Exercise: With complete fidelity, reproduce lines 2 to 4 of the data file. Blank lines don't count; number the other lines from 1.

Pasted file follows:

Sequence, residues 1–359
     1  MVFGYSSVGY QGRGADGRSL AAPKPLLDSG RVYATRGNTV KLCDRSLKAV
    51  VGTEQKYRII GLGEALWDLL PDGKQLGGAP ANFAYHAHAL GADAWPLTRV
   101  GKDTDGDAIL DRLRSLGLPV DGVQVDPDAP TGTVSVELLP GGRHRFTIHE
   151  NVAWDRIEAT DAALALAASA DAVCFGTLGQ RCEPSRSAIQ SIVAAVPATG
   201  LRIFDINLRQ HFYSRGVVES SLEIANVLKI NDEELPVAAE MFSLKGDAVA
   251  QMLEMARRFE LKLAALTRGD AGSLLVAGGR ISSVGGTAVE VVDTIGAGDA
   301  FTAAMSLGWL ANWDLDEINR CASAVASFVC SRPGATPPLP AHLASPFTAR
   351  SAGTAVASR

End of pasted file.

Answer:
     1  MVFGYSSVGY QGRGADGRSL AAPKPLLDSG RVYATRGNTV KLCDRSLKAV
    51  VGTEQKYRII GLGEALWDLL PDGKQLGGAP ANFAYHAHAL GADAWPLTRV
   101  GKDTDGDAIL DRLRSLGLPV DGVQVDPDAP TGTVSVELLP GGRHRFTIHE